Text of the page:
BEIJING—“I think it’s actually surprisingly easy for Americans to come here and feel like they can fit in,” Joseph Kahn said, sitting in a coffee shop called Sequoia, a block north of the gate of the Jian Guo Men Diplomatic Compound. It was late December, and Mr. Kahn was nearing the end of his Pulitzer-winning tour of duty as The New York Times’ Beijing bureau chief. On Dec. 31, The Times named him deputy foreign editor, a job that will require him to relocate to New York.
The first time Mr. Kahn was sent home from Beijing as a reporter was in 1989. When the Tiananmen Square protests began, he was in Hong Kong, doing graduate work in East Asian studies. Mr. Kahn entered the mainland on a tourist visa and began working as a stringer for The Dallas Morning News. After the crackdown, the authorities revoked his visa and ordered him out of the country within 72 hours.
“A bunch of people were put on a plane,” Mr. Kahn said.
Mr. Kahn would return, properly credentialed, in 1993, once more stringing for The Dallas Morning News. From a base in Hong Kong, he made reporting trips to a capital city he recalled as having an “almost frontier-socialist feeling.” Foreigners were restricted to living in three compounds, one of which was Jian Guo Men. “The community of journalists was smaller, and the area that they could live in was tiny,” Mr. Kahn said.
Now there is a Hooters. Expatriates are dispersed around the city, and the days of constantly bumping into diplomats have passed. Mr. Kahn owns an apartment near Chaoyang Park, in a complex called Park Avenue. “It’s next to Palm Springs,” he said.
The dynamic new China, Mr. Kahn said, has on its surface striking similarities to America: “They have roads and they have cars and they have real-estate speculation and they have a stock-market bubble,” he said.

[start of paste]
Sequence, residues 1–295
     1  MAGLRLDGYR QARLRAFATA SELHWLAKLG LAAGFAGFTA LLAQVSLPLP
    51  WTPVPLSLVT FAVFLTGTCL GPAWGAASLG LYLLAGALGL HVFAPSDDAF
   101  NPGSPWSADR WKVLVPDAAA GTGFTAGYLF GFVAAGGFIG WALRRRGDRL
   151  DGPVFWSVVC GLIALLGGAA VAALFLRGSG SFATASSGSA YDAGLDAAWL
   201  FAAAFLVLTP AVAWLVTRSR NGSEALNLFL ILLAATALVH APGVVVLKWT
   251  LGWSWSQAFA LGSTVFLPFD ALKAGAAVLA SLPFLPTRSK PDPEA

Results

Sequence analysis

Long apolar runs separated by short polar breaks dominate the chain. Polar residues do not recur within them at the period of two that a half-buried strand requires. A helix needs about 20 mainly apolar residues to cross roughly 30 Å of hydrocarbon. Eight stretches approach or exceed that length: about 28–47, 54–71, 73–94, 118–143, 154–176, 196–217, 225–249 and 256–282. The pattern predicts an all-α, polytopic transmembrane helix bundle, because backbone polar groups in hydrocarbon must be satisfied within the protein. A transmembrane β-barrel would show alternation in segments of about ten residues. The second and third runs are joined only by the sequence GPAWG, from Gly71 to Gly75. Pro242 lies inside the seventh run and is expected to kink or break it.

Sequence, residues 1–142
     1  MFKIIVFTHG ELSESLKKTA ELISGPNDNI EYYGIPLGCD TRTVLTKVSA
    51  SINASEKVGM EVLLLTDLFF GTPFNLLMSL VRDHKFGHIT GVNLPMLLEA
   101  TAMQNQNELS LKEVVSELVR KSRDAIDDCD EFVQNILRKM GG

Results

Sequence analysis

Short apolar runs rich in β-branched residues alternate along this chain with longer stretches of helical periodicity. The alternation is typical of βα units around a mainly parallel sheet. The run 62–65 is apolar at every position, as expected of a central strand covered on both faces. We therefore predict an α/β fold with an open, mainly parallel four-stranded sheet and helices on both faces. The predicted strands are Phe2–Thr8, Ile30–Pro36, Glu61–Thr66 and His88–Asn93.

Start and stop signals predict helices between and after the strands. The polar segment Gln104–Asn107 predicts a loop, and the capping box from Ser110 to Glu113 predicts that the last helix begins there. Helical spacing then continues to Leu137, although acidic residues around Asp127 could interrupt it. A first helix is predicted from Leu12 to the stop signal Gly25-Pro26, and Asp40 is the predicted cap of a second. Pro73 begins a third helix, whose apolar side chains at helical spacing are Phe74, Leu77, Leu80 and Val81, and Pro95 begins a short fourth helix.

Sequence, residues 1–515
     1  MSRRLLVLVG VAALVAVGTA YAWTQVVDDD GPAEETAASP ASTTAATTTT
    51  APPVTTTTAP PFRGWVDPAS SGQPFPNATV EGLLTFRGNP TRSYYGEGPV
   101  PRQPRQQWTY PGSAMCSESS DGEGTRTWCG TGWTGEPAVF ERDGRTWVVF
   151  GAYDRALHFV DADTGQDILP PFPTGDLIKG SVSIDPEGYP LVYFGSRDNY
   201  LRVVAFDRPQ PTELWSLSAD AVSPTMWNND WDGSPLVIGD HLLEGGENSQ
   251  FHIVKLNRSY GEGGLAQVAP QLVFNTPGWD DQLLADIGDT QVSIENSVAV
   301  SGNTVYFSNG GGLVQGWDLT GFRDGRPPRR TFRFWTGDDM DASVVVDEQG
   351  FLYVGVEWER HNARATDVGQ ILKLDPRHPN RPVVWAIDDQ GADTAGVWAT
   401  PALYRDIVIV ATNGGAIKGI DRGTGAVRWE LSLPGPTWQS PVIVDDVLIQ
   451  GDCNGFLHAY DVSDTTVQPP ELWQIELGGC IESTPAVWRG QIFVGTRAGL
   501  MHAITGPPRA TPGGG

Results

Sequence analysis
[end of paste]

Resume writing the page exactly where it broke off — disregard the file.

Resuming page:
But beneath that, he said, is a country that still confounds American assumptions. Mr. Kahn got a preview of the current Beijing boom in the early 90’s, when The Wall Street Journal sent him to be the first American reporter stationed in Shanghai since the revolution. The city had been designated China’s first financial center, but there were still farmers to interview in the Pudong district; the futuristic skyscrapers that now define the neighborhood were only beginning to move off the drawing board.
Mr. Kahn said he searched Shanghai in vain for the kind of bottom-up entrepreneurship Americans believe is essential to a growing economy. Instead, he said, he found a sketchy stock market—“it was just a casino”—and a bunch of old-fashioned state-run enterprises.
“You had a kind of bureaucratic capitalism at work,” Mr. Kahn said.
And by the time he left, in 1996, Shanghai was beginning to flourish. The belief that the free market breeds prosperity, and that prosperity in turn breeds freedom, wasn’t much help in explaining the events on the ground.
“They’ve managed to do just fine as an authoritarian regime while creating a lot of wealth,” Mr. Kahn said.
Mr. Kahn returned to China, for The Times, in 2002. By then, he said, Beijing had caught up with Shanghai’s pace of change, and possibly surpassed it. And the days when Foreign Ministry briefings and press tours had the monopoly on news were over. It had become possible to go visit people and do interviews without necessarily triggering a crisis.